Canadian Union of Postal Workers raise issues of reduction in postal services

GORE BAY—With a reduction in services at the Gore Bay Post Office, a lack of dialogue with the public before initiating changes and “unacceptable” answers from Canada Post, the Canadian Union of Postal Workers (CUPW Local 612) came to give a presentation on dwindling postal services and look for public input from the residents of Gore Bay. Unfortunately, as was the case in July after a similar Tehkummah meeting, not one member of the Gore Bay public came to provide input at the meeting held in the Legion hall in Gore Bay this past Saturday.

The September meeting in Gore Bay was planned by Dave Merrick (president of CUPW Local 612) who has been on the local 612 executive since 1987. “The meeting we had planned for Gore Bay right after Tehkummah had to be rescheduled because there were too many conflicting activities taking place then. Everybody was busy in the peak summer season. We had hoped the new date would have brought more people out,” he said.

The key for Mr. Merrick is “to find out what people want from their post office and from Canada Post. If Canada Post is stopping door-to-door deliveries for example, perhaps stopping rural deliveries is in the future.” For him, “getting rid of the post office in a small village is how you get rid of communities.”

Past articles in the Recorder have highlighted the issues council has had with Canada Post, namely closing the local post office on Saturdays, sending all rural mail to Toronto for sorting and processing before sending it back and their approach with council and “their b.s. statement on the decision (to close Saturdays) based on commercially sensitive information,” according to Councillor Jack Clark.

Gore Bay town Councillor Lou Addison showed up at Saturday’s meeting as the union representatives were packing up for the day.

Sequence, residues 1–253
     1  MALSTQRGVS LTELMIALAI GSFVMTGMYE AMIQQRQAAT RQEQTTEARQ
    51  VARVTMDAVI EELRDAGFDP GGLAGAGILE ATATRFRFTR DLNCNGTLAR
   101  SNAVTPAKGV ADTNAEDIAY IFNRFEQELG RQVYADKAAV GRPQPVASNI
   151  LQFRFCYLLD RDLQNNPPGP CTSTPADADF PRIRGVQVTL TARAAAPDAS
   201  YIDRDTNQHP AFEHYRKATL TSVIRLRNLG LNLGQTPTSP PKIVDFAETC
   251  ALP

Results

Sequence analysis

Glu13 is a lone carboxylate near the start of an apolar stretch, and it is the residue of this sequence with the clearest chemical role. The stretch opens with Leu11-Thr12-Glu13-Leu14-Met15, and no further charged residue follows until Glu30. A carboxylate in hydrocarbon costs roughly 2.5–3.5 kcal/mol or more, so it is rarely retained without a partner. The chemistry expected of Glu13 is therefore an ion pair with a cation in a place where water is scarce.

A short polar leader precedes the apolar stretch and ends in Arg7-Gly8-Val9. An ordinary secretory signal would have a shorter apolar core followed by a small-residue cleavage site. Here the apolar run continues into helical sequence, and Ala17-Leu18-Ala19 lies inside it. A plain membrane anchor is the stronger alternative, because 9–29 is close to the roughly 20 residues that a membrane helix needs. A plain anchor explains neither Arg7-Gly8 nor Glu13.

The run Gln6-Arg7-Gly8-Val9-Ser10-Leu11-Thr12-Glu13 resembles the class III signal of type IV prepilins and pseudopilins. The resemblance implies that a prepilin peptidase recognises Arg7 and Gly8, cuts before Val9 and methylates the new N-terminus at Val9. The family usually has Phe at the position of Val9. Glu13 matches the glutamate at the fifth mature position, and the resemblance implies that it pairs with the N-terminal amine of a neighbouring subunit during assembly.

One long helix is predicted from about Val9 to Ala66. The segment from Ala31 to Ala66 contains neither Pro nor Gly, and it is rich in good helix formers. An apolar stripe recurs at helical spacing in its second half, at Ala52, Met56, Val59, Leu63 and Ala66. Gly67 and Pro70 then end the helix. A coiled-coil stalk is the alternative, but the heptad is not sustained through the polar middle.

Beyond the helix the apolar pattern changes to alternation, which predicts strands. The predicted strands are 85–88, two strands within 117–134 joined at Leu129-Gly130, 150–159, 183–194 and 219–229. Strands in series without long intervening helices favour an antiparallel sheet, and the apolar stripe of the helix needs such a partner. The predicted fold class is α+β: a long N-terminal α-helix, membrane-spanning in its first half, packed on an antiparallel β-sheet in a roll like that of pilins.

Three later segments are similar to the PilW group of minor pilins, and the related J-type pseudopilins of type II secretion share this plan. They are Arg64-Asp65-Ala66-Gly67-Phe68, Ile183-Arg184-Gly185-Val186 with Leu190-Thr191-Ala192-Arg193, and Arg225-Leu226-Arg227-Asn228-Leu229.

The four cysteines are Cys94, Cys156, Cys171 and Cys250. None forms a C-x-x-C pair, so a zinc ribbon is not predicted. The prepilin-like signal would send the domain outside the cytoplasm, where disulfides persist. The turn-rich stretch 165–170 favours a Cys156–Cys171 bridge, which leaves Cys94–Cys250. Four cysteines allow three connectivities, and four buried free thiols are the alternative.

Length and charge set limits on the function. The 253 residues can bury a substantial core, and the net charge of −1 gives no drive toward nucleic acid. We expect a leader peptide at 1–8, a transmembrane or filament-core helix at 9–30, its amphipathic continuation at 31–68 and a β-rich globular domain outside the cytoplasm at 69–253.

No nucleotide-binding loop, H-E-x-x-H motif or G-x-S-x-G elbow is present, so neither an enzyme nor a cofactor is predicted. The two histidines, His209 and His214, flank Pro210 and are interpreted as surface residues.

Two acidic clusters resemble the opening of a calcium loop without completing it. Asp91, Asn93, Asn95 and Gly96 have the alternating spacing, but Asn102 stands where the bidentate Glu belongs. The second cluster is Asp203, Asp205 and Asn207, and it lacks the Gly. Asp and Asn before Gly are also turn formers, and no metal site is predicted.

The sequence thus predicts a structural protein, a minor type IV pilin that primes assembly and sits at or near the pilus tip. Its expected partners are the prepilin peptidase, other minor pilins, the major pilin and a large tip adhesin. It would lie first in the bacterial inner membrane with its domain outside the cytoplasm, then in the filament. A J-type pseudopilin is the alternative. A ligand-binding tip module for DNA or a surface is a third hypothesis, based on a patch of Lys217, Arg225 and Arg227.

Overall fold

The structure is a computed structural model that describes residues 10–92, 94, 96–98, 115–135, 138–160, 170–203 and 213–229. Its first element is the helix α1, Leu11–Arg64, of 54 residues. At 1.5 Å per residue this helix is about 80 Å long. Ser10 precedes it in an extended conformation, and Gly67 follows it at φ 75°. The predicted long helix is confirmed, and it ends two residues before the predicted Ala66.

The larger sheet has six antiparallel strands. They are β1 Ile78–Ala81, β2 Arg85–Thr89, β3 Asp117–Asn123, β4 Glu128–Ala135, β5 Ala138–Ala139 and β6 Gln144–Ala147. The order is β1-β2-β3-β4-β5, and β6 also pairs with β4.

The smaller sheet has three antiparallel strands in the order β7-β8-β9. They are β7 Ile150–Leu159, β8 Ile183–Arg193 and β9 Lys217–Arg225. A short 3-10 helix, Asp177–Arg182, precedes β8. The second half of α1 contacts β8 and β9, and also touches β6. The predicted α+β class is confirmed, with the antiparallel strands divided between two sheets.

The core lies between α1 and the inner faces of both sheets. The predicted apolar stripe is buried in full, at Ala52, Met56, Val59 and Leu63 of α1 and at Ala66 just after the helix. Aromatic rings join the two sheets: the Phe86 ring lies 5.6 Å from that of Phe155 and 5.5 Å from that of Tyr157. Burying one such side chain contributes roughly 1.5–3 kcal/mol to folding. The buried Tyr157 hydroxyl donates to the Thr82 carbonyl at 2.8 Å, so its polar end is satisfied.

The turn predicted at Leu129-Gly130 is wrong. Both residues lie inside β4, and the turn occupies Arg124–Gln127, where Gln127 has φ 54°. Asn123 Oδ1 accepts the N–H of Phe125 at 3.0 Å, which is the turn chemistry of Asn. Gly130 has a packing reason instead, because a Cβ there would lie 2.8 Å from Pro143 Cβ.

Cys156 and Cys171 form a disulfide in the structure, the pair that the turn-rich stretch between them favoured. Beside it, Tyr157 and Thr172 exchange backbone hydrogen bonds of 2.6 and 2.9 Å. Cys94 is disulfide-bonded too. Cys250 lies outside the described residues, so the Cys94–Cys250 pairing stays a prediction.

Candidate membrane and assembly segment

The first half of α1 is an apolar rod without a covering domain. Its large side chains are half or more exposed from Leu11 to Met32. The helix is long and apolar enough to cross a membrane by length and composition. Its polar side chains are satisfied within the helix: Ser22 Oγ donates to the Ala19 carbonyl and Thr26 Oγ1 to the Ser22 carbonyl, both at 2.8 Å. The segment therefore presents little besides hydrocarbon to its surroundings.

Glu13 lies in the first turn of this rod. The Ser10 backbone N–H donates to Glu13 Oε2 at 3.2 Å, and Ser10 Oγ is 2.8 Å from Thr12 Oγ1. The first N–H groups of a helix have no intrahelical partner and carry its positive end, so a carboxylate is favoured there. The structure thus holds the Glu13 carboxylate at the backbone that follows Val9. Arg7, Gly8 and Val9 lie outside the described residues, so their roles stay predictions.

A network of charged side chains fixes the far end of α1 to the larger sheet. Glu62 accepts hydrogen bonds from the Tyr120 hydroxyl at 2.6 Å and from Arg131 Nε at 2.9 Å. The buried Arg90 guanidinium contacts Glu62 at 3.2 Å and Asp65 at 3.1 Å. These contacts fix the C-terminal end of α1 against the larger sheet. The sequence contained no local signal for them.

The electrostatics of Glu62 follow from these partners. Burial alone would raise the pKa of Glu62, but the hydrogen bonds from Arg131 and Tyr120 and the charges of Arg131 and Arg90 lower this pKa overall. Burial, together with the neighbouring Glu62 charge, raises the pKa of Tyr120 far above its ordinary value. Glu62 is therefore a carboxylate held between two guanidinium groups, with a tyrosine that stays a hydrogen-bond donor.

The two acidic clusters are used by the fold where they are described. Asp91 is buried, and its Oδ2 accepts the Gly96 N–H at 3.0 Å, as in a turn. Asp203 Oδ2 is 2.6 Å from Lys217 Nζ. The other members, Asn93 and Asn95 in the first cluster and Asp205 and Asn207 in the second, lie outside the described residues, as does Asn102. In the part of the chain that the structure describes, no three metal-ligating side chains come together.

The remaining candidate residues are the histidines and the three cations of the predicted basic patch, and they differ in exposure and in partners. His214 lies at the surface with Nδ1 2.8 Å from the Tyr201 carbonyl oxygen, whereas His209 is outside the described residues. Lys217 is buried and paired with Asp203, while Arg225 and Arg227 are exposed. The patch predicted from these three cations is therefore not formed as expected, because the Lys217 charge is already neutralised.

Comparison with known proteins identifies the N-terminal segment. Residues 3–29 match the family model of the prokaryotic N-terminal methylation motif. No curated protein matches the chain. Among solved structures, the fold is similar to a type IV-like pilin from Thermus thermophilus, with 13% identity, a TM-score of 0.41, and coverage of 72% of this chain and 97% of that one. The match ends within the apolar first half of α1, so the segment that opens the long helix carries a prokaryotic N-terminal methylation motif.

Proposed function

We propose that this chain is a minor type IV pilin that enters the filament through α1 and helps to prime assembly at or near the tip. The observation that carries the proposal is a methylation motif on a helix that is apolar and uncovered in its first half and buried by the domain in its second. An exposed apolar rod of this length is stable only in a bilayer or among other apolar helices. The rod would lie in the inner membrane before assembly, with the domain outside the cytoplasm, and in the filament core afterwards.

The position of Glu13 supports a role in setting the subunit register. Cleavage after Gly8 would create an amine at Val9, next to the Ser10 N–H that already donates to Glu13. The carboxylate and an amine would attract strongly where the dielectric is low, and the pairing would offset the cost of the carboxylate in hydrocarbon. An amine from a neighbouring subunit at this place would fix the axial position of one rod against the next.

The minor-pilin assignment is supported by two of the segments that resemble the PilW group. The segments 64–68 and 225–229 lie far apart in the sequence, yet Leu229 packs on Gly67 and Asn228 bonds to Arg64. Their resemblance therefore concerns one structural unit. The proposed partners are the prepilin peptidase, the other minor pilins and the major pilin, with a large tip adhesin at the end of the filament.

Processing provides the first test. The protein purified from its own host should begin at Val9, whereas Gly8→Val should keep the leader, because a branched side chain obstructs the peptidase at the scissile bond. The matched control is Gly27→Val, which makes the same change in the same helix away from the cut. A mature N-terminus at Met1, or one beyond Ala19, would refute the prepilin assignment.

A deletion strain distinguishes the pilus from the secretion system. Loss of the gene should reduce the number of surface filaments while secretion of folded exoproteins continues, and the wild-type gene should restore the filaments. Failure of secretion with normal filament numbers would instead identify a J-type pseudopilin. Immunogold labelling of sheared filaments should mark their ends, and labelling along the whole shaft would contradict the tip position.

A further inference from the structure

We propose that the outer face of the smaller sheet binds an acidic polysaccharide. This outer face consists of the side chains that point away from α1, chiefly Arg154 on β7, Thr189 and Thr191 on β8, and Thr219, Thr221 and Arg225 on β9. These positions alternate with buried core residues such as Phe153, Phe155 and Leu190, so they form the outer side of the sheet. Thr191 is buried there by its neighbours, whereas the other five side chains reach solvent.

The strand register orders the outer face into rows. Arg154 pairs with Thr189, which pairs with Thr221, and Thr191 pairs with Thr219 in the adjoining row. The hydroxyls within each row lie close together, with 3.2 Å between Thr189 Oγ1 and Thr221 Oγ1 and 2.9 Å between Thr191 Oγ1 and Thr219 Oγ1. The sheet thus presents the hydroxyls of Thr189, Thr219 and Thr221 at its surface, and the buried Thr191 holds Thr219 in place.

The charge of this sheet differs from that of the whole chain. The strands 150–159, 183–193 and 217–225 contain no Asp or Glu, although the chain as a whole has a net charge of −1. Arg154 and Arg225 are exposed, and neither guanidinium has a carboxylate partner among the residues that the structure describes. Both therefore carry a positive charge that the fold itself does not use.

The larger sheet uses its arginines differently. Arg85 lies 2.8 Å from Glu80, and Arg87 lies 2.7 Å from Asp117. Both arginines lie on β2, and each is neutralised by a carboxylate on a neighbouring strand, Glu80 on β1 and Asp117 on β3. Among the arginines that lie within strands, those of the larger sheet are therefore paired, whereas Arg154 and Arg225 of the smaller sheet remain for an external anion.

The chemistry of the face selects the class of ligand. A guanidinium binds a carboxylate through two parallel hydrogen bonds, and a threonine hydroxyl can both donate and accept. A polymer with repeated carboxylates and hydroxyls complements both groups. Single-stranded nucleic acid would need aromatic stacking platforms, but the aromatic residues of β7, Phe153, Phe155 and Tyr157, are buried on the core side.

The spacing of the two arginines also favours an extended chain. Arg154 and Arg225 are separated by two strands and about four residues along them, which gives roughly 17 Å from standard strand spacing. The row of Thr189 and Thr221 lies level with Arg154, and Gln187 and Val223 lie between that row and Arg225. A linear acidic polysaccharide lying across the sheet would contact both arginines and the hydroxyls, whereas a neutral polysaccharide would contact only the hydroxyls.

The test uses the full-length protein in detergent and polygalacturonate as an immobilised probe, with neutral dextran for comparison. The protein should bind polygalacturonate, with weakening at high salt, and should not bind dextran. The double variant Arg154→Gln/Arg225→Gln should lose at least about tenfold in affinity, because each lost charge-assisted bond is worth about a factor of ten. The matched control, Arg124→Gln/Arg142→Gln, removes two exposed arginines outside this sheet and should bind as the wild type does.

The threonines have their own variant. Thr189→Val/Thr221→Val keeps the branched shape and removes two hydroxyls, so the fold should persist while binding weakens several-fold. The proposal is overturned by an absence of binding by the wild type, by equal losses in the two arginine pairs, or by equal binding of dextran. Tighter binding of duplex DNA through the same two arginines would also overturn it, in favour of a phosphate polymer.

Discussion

“We have sent letters to Canada Post and received no reply. Nothing,” she said. “I phoned (head office) a couple of times because I have a real problem with the mail going to Toronto. I told them, ‘you’re absolutely nuts if you think the mail is going to be there and back in a couple of days.’ I tracked a letter I sent to Manitowaning and it took nine working days just to get there. You can’t tell me it’s a better system. It would be easier for me to take my letter and drive it to Manitowaning.”

“You’re really hesitant now to even put anything in the mail, because you know it isn’t going to get there in any reasonable time,” Ms. Addison said.

Mr. Merrick said this is a tactic to force people to use premium mail service like XpressPost. He said mail is being sent to Toronto and sitting there for days before being put through the sorting machine. He continued to say sorting facilities are putting priority on the Greater Toronto Area mail before sorting other regions like Sudbury and Manitoulin Islands.

Gore Bay Mayor Ron Lane, who was unable to attend Saturday’s meeting told the Recorder in an email, “as I have stated before I am opposed to any reduction in service at our post office and disappointed with the fact Canada Post has chosen to do this without public consultation. In my view the delivery of mail and related work is still an essential public service in this country and if Canada Post as a Crown corporation cannot meet public needs then the federal government will have to reassess how this service will be provided. They (CUPW 612) have my full support personally and as mayor.”

Mr. Merrick said the union would be returning next spring/early summer to give a presentation to the rural mail delivery agents. At that time, they will also schedule another public presentation and allow for public input on local postal issues.

“One solution is to vote,” Mr. Merrick said. “If we vote Stephen Harper out of office or even get a minority government, we might be able to stop the diminishing services.”